Map Coloring

Arthur Hobbs & Philip B. Yasskin

Department of Mathematics
Texas A&M University


This is the instuctor version of this article. For the student version, click here: MapColoring-Students.html


A map is properly colored if every pair of countries (or states), which have a common edge, have different colors. This Map Coloring activity allows students to use map coloring once to prove something never happens and once to prove something always happens. It also introduces them to the Four Color Map Theorem.


Art Hobbs designed the Color the US Map activity for use in Texas A&M Summer Educational Enrichment in Math (SEE-Math) program in 2003. Phil Yasskin added the Color Your Own Map acvtivity for SEE-Math in 2007.

Part 1: Color the US Map

Uncolored US Map
Uncolored US Map
Nations Online Project
6-Colored US Map
6-Colored US Map
National Atlas
4-Colored US Map
4-Colored US Map
Wikipedia US Map
Each group of 2-4 students are given a large uncolored map of the continental United Stated and asked to color it using "mancala" stones. (You can also use squares of colored paper.) Two states must have different colors if they touch along an edge; although they may have the same color if they touch only at a vertex (like Utah and New Mexico). Here is an uncolored map of the United States that you can enlarge. If the students are short on time, the map can be cut down to just west or east of the Mississippi. Here is a small map of the Western half of the US. (By the way this is a great Geography lesson as well, since the students get to name the states without having the names on the map.)

The students are first allowed to use any number of colors. (I give them 8 colors.) Then they are asked if they can use fewer and "What is the smallest number you can use?" The students quickly work it down to 4 colors. (Then they are told about the Four Color Map Theorem.)

    The Four Color Map Theorem:

    Every map in the Euclidean Plane can be colored with at most four colors.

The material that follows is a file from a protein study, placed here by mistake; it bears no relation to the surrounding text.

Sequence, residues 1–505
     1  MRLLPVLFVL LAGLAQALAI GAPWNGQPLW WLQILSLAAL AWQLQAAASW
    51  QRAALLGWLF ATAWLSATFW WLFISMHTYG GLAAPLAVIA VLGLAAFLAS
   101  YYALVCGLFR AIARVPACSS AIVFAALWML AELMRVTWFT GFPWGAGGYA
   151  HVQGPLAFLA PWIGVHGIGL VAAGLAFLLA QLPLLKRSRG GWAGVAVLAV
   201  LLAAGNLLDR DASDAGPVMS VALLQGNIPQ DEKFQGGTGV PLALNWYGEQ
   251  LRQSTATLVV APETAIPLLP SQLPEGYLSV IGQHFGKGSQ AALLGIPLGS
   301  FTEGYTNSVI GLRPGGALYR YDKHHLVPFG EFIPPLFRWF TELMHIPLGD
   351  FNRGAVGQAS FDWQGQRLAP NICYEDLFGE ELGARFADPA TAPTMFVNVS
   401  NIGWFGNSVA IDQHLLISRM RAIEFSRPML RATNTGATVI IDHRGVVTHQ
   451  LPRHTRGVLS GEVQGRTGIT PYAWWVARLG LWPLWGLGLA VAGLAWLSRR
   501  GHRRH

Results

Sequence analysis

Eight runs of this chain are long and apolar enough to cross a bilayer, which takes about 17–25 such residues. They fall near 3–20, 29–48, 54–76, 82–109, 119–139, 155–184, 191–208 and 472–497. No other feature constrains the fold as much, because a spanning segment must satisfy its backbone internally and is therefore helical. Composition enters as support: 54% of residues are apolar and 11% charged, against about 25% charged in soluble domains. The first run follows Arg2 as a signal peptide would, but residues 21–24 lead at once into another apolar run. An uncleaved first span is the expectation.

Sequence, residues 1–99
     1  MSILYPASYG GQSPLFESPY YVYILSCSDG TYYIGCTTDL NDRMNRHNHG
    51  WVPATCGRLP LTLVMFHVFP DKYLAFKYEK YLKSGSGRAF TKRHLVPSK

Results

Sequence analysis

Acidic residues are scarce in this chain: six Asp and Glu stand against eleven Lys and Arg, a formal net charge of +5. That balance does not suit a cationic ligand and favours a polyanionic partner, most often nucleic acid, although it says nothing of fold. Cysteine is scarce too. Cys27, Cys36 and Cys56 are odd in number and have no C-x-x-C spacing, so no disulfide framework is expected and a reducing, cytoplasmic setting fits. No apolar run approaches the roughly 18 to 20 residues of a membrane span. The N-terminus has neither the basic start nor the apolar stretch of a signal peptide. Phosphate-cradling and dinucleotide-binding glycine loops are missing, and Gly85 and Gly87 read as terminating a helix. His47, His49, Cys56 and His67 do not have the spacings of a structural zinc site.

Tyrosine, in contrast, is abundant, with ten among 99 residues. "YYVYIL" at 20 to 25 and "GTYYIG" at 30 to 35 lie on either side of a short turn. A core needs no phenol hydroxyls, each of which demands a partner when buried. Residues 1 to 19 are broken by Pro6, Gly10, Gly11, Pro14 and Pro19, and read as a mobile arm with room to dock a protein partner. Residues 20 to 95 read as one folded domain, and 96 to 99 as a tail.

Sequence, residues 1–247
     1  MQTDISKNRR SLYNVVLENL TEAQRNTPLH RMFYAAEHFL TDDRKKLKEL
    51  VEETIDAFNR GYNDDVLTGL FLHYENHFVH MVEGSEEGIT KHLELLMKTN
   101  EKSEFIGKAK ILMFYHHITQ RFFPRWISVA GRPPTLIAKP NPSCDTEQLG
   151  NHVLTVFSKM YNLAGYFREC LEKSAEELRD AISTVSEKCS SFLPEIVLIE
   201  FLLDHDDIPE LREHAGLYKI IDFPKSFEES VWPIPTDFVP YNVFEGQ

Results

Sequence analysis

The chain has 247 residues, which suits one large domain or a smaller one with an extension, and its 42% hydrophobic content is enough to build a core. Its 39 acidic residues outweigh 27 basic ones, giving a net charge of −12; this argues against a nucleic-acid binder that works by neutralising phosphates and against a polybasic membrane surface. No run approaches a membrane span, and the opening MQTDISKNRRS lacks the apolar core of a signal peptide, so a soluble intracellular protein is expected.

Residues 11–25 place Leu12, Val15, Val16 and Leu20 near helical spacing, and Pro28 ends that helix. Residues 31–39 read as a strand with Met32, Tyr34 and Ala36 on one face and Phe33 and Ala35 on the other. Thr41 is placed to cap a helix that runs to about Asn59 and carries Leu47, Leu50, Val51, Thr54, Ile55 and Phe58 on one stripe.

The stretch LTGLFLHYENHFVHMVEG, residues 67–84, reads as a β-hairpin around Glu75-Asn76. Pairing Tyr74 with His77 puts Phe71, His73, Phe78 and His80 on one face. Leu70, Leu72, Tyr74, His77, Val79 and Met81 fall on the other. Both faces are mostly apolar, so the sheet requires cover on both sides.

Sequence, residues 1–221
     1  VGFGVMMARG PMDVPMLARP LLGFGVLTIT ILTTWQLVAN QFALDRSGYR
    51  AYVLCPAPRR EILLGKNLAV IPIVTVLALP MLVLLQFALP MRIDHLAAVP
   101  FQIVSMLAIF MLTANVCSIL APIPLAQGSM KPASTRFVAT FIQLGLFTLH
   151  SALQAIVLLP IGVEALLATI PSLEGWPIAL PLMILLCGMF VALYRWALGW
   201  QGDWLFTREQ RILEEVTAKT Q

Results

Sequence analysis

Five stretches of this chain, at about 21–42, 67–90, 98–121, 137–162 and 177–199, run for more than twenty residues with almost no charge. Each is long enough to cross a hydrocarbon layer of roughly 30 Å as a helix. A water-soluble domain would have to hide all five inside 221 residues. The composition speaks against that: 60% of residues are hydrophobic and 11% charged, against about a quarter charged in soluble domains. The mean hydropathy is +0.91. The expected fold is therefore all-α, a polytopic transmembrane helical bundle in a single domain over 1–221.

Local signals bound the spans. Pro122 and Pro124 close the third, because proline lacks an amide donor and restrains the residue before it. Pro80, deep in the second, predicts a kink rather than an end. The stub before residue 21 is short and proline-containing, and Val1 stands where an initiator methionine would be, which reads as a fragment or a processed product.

This theorem was first conjectured in 1852 by Francis Guthrie and finally proven in 1976 by Kenneth Appel and Wolfgang Haken using computers. See the Wikipedia article on the Four Color Theorem.

Finally, the students are asked if the US map can be colored with just 3 colors. If "Yes", do it. If "No", explain why not.
Answer: It cannot be colored by 3 colors. But you don't want to just tell the students it cannot be done. You want the students to try to do it and in the process discover why it cannot be done. Try to ask leading questions and answer a question with a question. For this Socratic discussion, it is best to have a counselor working with each group of 2-4 students. Things a counselor might say include:


Stop reading this section if you want to figure out for yourself why the US cannot be colored with just 3 colors. Pick up again at Part 2: Color Your Own Map.

Here are the answers to the questions listed above, although not in the same order. One final point you should try to make with the students:

Part 2: Color Your Own Map

Uncolored 4 Line Map
Uncolored 4 Line Map
2-Colored 4 Line Map
2-Colored 4 Line Map
After the students finish the US map, they can be given a blank piece of paper, a ruler and a pencil and told to draw 4 lines all the way across the paper at any angles, making their own map. They are asked "What is the fewest number of colors that can color this map?" The students soon answer 2 colors (as on a checker board), but then you ask the students to explain why. Will it always be 2 colors no matter how the lines are drawn? Will it still be 2 colors if you add more lines? Try to get the students to state the conjecture:

    The Complete Line Map Theorem:

    If any number of lines are drawn all the way across a paper thereby producing a map, then that map may be colored with just 2 colors.

The proof follows the SPOILER ALERT.

Two more questions then arise:

Again the answers follow the SPOILER ALERT.


Postpone reading this section if you want to think about your own proof. First there is a hint about the method of proof.

HINT: The proof is best done using mathematical induction on the number of lines, but we don't necessarily use that terminology. Try to get the students to come up with the proof below by asking them to add one line at a time and see what changes.

Here are the steps of an induction proof. And here are the answers to the final two questions:


Notice that while looking at the US map the students prove that it cannot be colored by just 3 colors, but while looking at their own map they prove it can always be colored by 2 colors. One is a proof that something can never be done and the other is a proof that something can always be done.

Have fun.
Phil and Art

Last Updated: April 23, 2015, PBY
Copyright © 2005-15 Philip B. Yasskin